Tiedemann in 1820
23 August 1781|
(now Kassel, Hesse, Germany)
|Died||22 January 1861
|Academic advisors||Georges Cuvier
Tiedemann spent most of his life as professor of anatomy and physiology at Heidelberg, a position to which he was appointed in 1816, after having filled the chair of anatomy and zoology for ten years at Landshut, and died at Munich. He was elected member of the Royal Swedish Academy of Sciences in 1827.
Early life and education
Tiedemann was born at Cassel, the eldest son of Dietrich Tiedemann (1748–1803), a philosopher and psychologist of considerable repute. He graduated in medicine at Marburg in 1804, but soon abandoned practice.
Tiedemann devoted himself to the study of natural science, and, upon moving to Paris, France, became an ardent follower of Georges Cuvier. On his return to Germany he maintained the claims of patient and sober anatomical research against the prevalent speculations of the school of Lorenz Oken, whose foremost antagonist he was long reckoned. His remarkable studies of the development of the human brain, as correlated with his father's studies on the development of intelligence, deserve mention.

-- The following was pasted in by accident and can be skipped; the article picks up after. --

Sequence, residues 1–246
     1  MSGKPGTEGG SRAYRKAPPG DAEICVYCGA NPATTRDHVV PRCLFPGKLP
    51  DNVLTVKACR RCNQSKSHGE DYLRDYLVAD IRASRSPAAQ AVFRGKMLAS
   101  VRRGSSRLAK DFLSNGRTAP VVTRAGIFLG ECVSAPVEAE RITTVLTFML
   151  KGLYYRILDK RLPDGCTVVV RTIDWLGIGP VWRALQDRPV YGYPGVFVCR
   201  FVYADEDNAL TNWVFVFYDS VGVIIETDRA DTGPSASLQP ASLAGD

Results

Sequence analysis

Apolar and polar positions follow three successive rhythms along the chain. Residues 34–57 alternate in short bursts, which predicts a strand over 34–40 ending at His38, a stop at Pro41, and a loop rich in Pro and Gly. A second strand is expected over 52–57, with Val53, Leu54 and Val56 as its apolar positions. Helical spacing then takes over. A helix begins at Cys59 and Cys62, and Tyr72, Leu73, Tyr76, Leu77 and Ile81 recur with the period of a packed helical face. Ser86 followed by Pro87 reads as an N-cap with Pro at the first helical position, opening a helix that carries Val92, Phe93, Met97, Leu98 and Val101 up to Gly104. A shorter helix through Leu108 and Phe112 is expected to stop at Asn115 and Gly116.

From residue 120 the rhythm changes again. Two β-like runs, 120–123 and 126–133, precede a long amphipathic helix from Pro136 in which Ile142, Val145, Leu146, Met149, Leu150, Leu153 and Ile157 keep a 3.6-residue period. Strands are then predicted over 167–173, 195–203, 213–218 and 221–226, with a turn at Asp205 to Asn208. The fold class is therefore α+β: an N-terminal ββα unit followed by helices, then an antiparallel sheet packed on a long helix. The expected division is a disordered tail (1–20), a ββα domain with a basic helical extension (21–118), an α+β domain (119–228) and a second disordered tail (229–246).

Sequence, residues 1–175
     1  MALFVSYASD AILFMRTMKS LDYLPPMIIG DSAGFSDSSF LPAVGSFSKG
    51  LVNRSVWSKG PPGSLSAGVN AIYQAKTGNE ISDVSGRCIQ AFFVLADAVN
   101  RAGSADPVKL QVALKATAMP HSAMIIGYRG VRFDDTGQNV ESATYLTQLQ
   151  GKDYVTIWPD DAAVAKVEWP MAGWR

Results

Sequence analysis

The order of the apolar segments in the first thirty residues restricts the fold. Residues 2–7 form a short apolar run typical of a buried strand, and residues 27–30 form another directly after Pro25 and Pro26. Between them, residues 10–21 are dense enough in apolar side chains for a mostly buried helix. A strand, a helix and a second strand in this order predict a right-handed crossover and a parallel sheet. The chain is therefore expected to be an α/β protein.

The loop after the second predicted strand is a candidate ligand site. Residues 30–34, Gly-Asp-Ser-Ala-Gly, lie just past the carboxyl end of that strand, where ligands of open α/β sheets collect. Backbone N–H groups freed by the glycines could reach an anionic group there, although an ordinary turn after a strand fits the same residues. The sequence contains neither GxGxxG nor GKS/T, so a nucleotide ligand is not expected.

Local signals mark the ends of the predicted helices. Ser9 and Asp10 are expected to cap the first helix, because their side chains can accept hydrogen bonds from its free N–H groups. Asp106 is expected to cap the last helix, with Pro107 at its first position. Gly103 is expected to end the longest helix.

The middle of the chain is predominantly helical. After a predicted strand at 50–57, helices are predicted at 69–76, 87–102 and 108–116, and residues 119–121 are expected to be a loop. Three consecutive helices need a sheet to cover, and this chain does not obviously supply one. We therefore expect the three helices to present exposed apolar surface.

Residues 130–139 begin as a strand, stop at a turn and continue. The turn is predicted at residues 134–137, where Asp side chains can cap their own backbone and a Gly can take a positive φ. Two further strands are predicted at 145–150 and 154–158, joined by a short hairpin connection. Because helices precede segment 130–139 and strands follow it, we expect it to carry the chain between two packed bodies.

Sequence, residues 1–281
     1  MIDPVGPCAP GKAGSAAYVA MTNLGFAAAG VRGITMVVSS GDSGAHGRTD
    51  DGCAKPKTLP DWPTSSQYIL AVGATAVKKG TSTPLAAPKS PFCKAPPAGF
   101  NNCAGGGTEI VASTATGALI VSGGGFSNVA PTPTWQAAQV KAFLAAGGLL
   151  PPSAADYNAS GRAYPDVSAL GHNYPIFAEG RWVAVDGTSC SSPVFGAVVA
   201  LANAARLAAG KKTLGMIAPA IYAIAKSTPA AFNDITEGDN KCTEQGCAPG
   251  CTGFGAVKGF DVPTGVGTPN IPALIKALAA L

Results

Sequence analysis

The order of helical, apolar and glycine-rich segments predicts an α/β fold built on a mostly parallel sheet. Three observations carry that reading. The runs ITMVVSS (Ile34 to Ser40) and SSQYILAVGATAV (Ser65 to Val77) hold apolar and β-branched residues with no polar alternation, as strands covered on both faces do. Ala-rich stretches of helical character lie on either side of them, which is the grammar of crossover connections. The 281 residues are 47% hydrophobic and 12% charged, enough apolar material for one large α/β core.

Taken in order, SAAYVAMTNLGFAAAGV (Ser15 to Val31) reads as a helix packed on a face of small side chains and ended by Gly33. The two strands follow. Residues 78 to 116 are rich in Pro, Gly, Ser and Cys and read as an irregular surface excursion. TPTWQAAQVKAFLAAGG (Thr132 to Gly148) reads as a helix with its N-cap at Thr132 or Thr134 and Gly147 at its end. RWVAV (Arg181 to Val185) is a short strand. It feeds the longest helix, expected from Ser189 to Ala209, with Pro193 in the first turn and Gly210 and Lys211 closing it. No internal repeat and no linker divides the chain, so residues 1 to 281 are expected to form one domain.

Tiedemann was one of the first persons to make a scientific contestation of racism, in his article entitled "On the Brain of the Negro, compared with that of the European and the Orang-outang" (1836) he argued based on craniometric and brain measures taken by him from Europeans and black men from different parts of the world that the then-common European belief that Negroes have smaller brains and are thus intellectually inferior is scientifically unfounded and based merely on the prejudice of travelers and explorers.
In 2007, Brazilian geneticist Sergio Pena called Tiedemann an "anti-racist ahead of his time".
- Chisholm 1911.
- Tiedemann, Friedrich (1836). "On the Brain of the Negro, compared with that of the european and the orang-outang". Phil. Trans 126.
- Pena, Sergio (2007). "Um anti-racista à frente de seu tempo". Ciencia Hoje. Instituto Ciencia Hoje. Retrieved April 6, 2013. "Um anti-racista à frente de seu tempo"